In front-line villages of south Lebanon, the posters of Hezbollah members killed fighting Israel 10 years ago still stand, but have faded. Now rising up around them is a new generation of posters, bearing the faces of young fighters from the militant group killed in Syria.

They reflect the Shiite group’s radical shift from decades fighting Israel, a cause that at one time earned it soaring popularity across the Arab and Muslim world, to the far less popular role fighting fellow Arabs in defense of Syria’s president, Bashar Assad.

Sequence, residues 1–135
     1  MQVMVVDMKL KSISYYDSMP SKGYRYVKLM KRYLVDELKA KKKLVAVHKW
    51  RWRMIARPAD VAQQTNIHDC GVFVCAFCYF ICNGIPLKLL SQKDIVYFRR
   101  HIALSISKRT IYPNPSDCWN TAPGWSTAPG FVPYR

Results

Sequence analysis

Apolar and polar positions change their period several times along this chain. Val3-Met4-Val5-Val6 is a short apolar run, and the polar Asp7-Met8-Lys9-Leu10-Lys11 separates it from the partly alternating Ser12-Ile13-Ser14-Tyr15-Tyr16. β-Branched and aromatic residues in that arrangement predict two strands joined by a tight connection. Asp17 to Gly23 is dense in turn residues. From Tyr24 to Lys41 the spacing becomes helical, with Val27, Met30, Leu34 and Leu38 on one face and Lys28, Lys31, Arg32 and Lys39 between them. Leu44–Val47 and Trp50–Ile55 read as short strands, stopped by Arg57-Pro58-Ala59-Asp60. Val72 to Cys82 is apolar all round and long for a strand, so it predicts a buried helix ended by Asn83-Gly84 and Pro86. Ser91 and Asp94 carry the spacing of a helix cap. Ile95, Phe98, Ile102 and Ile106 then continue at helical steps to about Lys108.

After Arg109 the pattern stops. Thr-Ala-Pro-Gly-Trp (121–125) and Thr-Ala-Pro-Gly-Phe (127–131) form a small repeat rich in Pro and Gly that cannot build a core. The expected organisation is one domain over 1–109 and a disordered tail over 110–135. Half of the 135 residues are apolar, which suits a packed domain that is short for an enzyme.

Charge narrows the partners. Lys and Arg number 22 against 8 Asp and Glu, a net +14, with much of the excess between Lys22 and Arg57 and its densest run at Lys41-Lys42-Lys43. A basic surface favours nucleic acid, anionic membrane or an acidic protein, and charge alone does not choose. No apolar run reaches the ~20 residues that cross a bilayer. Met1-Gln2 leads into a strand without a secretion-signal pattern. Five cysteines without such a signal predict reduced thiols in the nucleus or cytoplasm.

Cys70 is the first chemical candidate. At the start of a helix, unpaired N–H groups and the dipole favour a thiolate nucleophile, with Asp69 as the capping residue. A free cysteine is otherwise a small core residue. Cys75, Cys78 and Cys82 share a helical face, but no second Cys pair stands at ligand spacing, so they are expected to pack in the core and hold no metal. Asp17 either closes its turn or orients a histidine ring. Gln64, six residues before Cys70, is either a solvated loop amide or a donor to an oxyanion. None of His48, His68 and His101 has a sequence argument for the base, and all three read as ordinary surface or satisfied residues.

It is a venture that is proving costly. The war in neighboring Syria is bleeding Hezbollah of fighters and experienced military commanders, and has left the group more vulnerable to accusations of complete subservience to Iran, which rallied Hezbollah to intervene in the war. So far, more than a thousand of the group’s fighters, including several founding members, have been killed in Syria, a toll higher than the one incurred by the group in nearly two decades of fighting Israeli occupation forces. […]